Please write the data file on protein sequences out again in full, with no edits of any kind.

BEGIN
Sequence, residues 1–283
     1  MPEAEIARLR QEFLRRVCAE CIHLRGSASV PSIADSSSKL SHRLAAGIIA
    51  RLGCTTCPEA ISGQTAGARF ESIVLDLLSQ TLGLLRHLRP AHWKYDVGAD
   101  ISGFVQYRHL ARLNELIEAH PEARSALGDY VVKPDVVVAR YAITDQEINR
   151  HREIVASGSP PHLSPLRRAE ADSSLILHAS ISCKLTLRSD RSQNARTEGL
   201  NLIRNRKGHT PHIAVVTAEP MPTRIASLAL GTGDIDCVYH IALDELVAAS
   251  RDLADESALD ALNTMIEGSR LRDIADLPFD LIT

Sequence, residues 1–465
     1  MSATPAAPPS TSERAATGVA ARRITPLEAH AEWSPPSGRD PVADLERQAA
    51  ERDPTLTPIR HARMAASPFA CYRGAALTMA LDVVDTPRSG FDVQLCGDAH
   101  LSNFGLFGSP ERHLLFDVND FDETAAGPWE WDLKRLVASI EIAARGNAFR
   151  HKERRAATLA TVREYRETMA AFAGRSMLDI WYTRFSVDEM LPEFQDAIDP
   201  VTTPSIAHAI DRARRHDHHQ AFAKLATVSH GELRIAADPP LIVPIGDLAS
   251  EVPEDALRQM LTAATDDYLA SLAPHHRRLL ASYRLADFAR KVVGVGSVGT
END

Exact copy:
Sequence, residues 1–283
     1  MPEAEIARLR QEFLRRVCAE CIHLRGSASV PSIADSSSKL SHRLAAGIIA
    51  RLGCTTCPEA ISGQTAGARF ESIVLDLLSQ TLGLLRHLRP AHWKYDVGAD
   101  ISGFVQYRHL ARLNELIEAH PEARSALGDY VVKPDVVVAR YAITDQEINR
   151  HREIVASGSP PHLSPLRRAE ADSSLILHAS ISCKLTLRSD RSQNARTEGL
   201  NLIRNRKGHT PHIAVVTAEP MPTRIASLAL GTGDIDCVYH IALDELVAAS
   251  RDLADESALD ALNTMIEGSR LRDIADLPFD LIT

Sequence, residues 1–465
     1  MSATPAAPPS TSERAATGVA ARRITPLEAH AEWSPPSGRD PVADLERQAA
    51  ERDPTLTPIR HARMAASPFA CYRGAALTMA LDVVDTPRSG FDVQLCGDAH
   101  LSNFGLFGSP ERHLLFDVND FDETAAGPWE WDLKRLVASI EIAARGNAFR
   151  HKERRAATLA TVREYRETMA AFAGRSMLDI WYTRFSVDEM LPEFQDAIDP
   201  VTTPSIAHAI DRARRHDHHQ AFAKLATVSH GELRIAADPP LIVPIGDLAS
   251  EVPEDALRQM LTAATDDYLA SLAPHHRRLL ASYRLADFAR KVVGVGSVGT